As I painted I thought about how similar the onset of this project is to when I get an idea for a novel. Usually a novel starts with a specific character trait or a unique idea. Then, as I plot out the concept, I watch as the book gradually comes to life.
I encountered surprising details and twists as I brushed the seahorse to life on the wood. I didn’t know she’d end up with swoopy tendrils on her head. As I thought about what to paint next, I took hints from the knots and whorls in the wood. I find this happens a lot while working on a novel. I’ll wake in the middle of the night struck by a fresh idea. I’ll hear a conversation or conjure a memory and the pieces come together. I follow the creativity to see where it’ll lead.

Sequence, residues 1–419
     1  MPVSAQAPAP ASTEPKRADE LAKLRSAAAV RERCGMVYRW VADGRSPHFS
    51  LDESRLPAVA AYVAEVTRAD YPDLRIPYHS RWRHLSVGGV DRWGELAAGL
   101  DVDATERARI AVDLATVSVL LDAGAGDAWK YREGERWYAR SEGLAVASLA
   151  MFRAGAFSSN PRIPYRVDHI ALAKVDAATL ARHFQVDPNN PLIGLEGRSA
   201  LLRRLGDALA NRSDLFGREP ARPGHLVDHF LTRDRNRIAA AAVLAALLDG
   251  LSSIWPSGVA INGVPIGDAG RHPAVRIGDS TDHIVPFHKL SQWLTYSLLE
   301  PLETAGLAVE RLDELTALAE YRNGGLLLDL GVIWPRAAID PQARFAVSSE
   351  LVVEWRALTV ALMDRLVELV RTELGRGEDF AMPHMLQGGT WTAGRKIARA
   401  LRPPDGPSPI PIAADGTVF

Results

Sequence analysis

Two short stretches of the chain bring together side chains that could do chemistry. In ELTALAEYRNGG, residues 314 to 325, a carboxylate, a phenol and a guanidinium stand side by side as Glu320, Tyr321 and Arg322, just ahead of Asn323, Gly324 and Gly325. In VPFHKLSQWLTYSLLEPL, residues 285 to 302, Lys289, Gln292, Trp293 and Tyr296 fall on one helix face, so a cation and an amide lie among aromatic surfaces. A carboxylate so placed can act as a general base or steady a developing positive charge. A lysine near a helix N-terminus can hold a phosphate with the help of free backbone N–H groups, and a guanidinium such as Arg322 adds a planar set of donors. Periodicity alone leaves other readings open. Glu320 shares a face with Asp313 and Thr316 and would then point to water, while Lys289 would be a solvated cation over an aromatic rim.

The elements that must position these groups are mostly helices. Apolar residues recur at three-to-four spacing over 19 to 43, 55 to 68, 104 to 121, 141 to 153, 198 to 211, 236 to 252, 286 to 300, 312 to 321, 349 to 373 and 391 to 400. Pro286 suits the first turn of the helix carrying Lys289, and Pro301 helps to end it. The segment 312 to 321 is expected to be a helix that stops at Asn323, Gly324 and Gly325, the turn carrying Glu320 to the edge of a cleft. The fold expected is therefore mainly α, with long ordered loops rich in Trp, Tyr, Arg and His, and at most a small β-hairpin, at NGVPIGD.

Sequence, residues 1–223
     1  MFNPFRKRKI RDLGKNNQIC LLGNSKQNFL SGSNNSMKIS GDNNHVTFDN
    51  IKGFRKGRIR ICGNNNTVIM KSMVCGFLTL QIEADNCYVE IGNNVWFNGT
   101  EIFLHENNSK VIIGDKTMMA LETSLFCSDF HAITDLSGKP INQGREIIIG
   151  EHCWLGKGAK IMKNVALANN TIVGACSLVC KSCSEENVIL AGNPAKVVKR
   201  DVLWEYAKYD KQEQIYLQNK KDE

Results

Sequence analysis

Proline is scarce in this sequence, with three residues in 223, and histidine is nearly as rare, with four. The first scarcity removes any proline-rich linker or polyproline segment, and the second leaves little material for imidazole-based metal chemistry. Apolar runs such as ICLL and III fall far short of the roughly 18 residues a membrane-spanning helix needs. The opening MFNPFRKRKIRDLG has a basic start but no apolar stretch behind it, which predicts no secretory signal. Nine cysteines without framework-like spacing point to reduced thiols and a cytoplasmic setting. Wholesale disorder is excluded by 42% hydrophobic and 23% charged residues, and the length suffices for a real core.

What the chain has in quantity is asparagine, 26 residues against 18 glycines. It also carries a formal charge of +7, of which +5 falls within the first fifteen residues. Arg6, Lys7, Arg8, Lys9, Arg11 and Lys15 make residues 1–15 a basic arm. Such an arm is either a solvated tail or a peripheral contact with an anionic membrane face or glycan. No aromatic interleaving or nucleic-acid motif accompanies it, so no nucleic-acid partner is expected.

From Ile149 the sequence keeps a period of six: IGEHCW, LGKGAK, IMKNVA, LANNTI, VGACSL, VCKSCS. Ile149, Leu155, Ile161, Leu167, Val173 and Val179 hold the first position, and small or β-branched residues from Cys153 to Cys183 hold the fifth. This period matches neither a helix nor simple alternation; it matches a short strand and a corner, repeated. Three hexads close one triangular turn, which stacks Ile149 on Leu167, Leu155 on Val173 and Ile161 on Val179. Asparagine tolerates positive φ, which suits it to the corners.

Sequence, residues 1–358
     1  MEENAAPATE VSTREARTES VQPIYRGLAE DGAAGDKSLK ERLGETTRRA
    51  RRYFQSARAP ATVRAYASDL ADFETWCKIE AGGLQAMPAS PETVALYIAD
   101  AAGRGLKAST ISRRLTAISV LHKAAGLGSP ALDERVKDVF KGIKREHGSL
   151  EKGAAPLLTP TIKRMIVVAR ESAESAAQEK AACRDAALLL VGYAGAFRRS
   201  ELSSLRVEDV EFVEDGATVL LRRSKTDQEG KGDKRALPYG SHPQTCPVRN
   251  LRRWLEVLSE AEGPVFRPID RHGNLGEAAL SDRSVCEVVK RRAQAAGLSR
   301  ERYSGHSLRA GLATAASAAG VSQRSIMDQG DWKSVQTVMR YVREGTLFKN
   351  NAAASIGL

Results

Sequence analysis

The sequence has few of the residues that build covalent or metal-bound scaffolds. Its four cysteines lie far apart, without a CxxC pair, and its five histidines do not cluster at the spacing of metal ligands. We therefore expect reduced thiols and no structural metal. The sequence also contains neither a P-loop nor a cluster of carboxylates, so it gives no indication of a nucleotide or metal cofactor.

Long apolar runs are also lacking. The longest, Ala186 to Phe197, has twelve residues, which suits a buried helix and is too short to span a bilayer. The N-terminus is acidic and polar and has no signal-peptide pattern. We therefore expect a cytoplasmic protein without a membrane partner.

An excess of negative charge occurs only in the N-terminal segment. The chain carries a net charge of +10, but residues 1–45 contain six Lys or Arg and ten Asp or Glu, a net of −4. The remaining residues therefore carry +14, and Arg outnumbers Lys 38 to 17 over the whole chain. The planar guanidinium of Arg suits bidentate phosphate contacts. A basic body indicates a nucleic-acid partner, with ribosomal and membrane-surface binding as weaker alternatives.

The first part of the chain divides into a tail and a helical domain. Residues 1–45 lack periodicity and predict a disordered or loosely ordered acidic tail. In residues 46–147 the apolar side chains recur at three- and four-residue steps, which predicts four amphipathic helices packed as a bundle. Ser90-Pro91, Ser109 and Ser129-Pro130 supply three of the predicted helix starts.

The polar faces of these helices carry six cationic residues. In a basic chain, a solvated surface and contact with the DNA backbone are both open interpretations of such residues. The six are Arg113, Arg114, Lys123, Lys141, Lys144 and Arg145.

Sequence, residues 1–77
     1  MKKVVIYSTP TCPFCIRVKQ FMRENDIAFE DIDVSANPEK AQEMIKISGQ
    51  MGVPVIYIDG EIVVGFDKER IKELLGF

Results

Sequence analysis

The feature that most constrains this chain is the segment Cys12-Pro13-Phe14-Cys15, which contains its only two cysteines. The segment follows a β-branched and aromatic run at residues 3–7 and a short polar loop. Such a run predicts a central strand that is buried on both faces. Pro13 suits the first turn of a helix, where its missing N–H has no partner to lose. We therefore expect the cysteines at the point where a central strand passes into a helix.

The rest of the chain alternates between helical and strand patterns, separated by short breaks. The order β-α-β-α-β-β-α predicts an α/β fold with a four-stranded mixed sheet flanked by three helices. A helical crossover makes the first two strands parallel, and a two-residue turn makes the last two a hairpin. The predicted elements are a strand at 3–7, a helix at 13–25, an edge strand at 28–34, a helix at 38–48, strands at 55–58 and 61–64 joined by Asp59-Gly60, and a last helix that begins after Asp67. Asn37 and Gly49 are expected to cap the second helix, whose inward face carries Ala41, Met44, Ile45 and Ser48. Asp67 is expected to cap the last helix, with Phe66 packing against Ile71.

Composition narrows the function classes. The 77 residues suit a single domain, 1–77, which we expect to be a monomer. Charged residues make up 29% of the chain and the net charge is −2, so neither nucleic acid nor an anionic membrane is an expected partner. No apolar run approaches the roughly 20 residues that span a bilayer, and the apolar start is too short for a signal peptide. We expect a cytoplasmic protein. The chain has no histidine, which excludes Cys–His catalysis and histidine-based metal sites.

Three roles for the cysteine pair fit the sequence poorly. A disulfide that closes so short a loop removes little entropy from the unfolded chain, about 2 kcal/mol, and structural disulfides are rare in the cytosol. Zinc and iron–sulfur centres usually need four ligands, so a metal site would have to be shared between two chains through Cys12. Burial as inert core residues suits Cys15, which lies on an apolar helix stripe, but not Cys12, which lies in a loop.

I took breaks from painting to google what actual seahorses look like. Of course I veered from the actual depiction of a seahorse, but that was part of the fun—knowing what I was veering from and having a solid visual to begin with. One of my favorite things about my vocation is that I consider reading novels a necessary part of my work. Research.
It’s pretty cool when you think about it. My creative process shows up in everything I do. It’s more than a formula or a systematic methodology. It’s a way of life. Painting a seahorse (this one in all her quirky glory) is a far cry from writing an entire full-length novel. Except my approach to both felt amusingly familiar.
To see a World in a Grain of Sand
And a Heaven in a Wild Flower,
Hold Infinity in the palm of your hand
And Eternity in an hour.
~ William Blake